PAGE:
by Daniel Hathaway

WelserMostBlossomIf you were expecting American music to open The Cleveland Orchestra’s Blossom season on Independence Day weekend this year, surprise! Richard Strauss and Dmitri Shostakovich were on the menu on Friday, July 5, the date itself an anomaly, because the orchestra normally plays Blossom on Saturdays and Sundays.

Reportedly the result of a scheduling issue with Lincoln Center, this unusual Blossom kickoff had the advantage of bringing music director Franz Welser-Möst back to town for three concerts over two summer weekends — and on Friday for a distinguished opening event however thematically remote from the national holiday.

Slovakian soprano Orgonášová joined the orchestra for Strauss’s Four Last Songs, 25 minutes of exquisite musical poetry which comprised the first half of the program. Written in Switzerland and completed in 1948, the songs were gathered, put in their current order and published posthumously, then premiered in 1950 in London by Strauss’s chosen soprano, Kirsten Flagstad and the Philharmonia Orchestra under Wilhelm Furtwängler. Twelve years later, Flagstad sang three of them with The Cleveland Orchestra under George Szell, who conducted all four with Elisabeth Schwarzkopf in 1958.

Three texts are by Hermann Hesse, the fourth — the first to be set to music — by Joseph von Eichendorff. As one might expect from an octogenarian composer whose works often contained autobiographical elements, the poems are mostly concerned with endings: of the summer (September), and of the day (Beim Schlafengehen — At Bedtime and Im Abendrot — At Sunset), a metaphor for the end of life. The exception is the first song, a radiant little paean to the miracle of Spring.

ORGANOSOVA-LubaThe songs are through-composed, and with no word repetition, the soloist has one chance to put each line of the poetry across. With her fine dramatic sense, clear diction and fine sense of rhetoric, Orgonášová made a splendid impression as she applied her strong and colorful voice to expressing the meaning of the words. Master orchestrator that he was, Strauss picked out striking poetic images to underline in the instrumental parts, and The Cleveland Orchestra’s commentary was completely evocative. Especially gorgeous moments came from principal hornist Richard King, the evening’s concertmaster, Peter Otto, and the flute and cello sections. An amorous woodland creature (tree frog?) added unscripted and markedly less musical notes every now and then, but the four songs were well suited to an outdoor venue. The audience, perhaps just a bit clap-happy, applauded after each song but saved a big round of appreciation for the end.

Program commentator Hugh Macdonald has done Shostakovich’s listeners a public service by giving us permission not to try to understand the composer’s symphonies. “Music may be a language, but we don’t know what it means.”, he wrote. “Shostakovich was…a very private, not to say inscrutable, individual, leaving us free to adopt almost any view of his work without any certainty that our view will coincide with his.”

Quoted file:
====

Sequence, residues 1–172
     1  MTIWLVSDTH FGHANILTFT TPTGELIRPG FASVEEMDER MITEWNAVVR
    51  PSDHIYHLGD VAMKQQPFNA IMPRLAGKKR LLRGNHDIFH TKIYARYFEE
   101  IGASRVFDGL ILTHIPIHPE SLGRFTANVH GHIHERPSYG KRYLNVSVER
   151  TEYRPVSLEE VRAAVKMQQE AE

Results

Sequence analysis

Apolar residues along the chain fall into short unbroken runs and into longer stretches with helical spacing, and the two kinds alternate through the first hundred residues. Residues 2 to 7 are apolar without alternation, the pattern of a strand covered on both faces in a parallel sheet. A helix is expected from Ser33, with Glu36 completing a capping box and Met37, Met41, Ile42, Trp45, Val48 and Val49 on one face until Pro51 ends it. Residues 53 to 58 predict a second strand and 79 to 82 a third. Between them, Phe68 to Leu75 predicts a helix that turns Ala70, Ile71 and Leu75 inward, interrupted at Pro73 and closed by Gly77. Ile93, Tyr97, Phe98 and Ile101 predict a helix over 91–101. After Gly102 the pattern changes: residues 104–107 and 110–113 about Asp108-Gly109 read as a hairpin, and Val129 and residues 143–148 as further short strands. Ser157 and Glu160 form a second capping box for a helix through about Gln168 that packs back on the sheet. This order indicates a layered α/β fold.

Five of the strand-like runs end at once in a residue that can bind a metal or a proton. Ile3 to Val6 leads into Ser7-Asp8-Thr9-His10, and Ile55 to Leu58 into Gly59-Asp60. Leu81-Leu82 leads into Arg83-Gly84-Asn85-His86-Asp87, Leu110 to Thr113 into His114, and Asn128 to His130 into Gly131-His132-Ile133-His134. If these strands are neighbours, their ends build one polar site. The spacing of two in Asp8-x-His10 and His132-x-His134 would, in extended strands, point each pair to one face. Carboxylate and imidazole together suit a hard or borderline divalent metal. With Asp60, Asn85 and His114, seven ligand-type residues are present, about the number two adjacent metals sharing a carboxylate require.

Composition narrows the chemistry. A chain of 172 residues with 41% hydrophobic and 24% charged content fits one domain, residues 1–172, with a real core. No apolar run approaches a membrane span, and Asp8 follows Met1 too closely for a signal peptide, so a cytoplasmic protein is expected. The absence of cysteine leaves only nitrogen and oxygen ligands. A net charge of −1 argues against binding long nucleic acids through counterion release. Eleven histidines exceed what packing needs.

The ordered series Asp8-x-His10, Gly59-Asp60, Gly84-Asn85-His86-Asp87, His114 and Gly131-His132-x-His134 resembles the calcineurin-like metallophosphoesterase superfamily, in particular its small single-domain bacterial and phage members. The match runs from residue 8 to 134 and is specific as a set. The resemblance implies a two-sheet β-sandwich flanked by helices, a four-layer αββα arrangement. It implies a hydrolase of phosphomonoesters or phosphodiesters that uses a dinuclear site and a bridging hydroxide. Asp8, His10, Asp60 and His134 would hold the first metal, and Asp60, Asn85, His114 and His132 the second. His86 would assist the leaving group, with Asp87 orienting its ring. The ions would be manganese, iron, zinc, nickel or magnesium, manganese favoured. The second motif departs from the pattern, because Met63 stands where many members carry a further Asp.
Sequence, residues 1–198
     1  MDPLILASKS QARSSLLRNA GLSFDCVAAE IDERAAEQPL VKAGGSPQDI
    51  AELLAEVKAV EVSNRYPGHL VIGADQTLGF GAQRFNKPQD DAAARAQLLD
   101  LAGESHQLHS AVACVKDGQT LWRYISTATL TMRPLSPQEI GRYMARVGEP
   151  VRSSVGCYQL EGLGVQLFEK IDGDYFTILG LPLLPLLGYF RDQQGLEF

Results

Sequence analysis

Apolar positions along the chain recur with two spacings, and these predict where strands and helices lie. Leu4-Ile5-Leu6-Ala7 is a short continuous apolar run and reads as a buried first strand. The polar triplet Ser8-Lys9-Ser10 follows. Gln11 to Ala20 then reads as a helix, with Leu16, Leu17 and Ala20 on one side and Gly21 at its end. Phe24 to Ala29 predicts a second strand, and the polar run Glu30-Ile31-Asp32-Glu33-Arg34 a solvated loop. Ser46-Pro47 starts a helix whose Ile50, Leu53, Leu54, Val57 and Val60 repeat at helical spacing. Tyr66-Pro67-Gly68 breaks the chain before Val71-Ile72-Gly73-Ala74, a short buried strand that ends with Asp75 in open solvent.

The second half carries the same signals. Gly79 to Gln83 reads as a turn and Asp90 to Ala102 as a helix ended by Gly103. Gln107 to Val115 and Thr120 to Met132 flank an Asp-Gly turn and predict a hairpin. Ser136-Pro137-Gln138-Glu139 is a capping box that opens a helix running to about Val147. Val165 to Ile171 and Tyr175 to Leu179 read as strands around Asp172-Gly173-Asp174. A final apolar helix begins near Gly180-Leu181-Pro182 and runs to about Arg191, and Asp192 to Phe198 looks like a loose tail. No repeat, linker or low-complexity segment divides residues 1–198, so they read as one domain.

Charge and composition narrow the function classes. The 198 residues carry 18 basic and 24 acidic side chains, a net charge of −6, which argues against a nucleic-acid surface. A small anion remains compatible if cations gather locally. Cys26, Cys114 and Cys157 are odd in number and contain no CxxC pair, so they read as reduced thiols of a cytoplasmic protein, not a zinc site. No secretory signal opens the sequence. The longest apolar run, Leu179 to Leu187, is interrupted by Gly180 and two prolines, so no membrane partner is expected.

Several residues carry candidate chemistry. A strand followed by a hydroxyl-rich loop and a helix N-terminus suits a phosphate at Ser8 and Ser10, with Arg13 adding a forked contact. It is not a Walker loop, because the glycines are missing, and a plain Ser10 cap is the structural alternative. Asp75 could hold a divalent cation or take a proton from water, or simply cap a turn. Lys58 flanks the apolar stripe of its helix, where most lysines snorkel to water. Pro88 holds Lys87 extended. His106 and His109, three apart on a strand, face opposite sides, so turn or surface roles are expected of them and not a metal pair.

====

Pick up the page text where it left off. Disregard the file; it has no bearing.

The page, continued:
That seems especially true of the eighth symphony, written during the middle of the Second World War, which makes it ripe for historical interpretation. If you try to assign some deep tragic import to its more solemn passages, there are moments of comedy that knock your theory right on its ear, not to mention long periods of sheer, abstract music-making. But if you think of the eighth as a concerto for orchestra, you can thoroughly enjoy an hour’s worth of music that takes you on a long, winding journey full of purely sonic surprises: blatant interruptions from the percussion section; a cheerful mini-concerto for the piccolo (Mary Kay Fink); an energetic viola section solo mawkishly picked up by the jealous trombones, then by the timpani; a portentous Passacaglia that passes beautiful variations off among solo winds, then to an eerie gaggle of quivering flutes; a section solo by bassoonists who seem to have just wandered out of a bar. It’s all there, and it all may add up to nothing more than what happened between the beginning and the end of the piece.

Welser-Möst and the orchestra played Shostakovich’s brilliant patchwork-quilt of musical styles masterfully, changing moods on a dime and visiting the whole dynamic range from the whispering to the stentorian. The audience — having been duped by a false ending or two in the first movement — was wary of applauding until the very end but when they did, the ovation was loud and long.

Published on July 6, 2013

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